A Northland iwi leader says the focus for his community is now to make sure a case like that of paedophile James Parker can never happen again.
Parker, who was the deputy principal of Pamapuria School, was sentenced on Thursday to preventive detention, with a minimum of seven years in prison and lifelong parole.
The 38-year-old had admitted 74 charges involving 20 boys from 1999 to 2012.
Te Runanga o Te Rarawa chair Haami Piripi says although Parker's sentence is appropriate, the community is still healing from what he calls a tragic case.
"It's something that we are reminded of on an everyday basis so we have to live with this until the memory of it fades ... or until the tragic consequences of it begin to fade," he says.
Mr Piripi says community leaders have to do everything they can to prevent such a tragedy from happening again.
"We never allow a situation like this to drift again like we allowed it to drift the last time," he says.
Mr Piripi says mainstream social services aren't always effective in Northland and the runanga plans to consider new marae-based programmes to help victims of sexual abuse.
Treatment worries raised
Sex abuse counsellor Patsy Henderson, who is working with the families of some of the abused boys, is raising concerns about how his victims will get the treatment they need in a small community like Kaitaia.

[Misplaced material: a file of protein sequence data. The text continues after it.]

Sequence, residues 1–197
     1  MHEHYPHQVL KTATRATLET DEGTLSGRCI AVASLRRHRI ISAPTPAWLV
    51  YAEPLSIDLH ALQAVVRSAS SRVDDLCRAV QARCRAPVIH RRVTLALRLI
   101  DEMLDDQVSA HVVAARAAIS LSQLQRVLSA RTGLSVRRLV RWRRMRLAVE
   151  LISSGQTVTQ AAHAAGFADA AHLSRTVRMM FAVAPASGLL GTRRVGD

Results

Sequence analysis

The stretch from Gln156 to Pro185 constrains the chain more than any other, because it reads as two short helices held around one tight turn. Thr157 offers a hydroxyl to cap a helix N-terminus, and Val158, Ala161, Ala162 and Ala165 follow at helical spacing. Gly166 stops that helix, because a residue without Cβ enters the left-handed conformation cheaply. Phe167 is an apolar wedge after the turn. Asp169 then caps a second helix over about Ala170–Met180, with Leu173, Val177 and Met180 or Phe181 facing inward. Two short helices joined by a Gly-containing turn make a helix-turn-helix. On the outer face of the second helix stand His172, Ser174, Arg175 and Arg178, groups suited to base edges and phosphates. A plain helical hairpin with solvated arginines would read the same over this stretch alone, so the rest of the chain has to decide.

She says there is a real issue for victims who can't have treatment in their community because many will know who they are.
Ms Henderson told Morning Report some people do not feel supported and it is the responsibility of Child Youth and Family, as well as the police, to ensure they receive the help they need.
"A lot of people up there are feeling they've not got the help they want. Now that is probably because all the services have been overwhelmed by it as well." .
Ms Henderson says it is critical that those who are affected are supported.
She says it may be a few years before some of the victims speak out, as some will want to bury the issue for now and deal with it later.
Police praise victim
Detective Mark Dalzell, of Kaitaia's Child Protection Team, says police were finally able to stop Parker after winning the trust of his victims.
He says two boys had started to tell their stories in 2009 but then changed their minds and no charges could be laid.
However, last year one boy showed remarkable courage to come forward and stuck with his story.
"If it wasn't for him, then goodness knows where we would have been today; where this would have stopped."
Mr Dalzell says as a result police were able to talk to other victims and Parker was charged.
Hamish Dixon, a clinical psychologist who treats paedophiles, says Parker will be a top priority to start treatment in prison.
"There's no doubt for somebody who is doing a sentence of that length, they would certainly be offered a place on a programme," Mr Dixon said.
"It's a very full-on programme and some of the people who go through it find it quite a difficult process."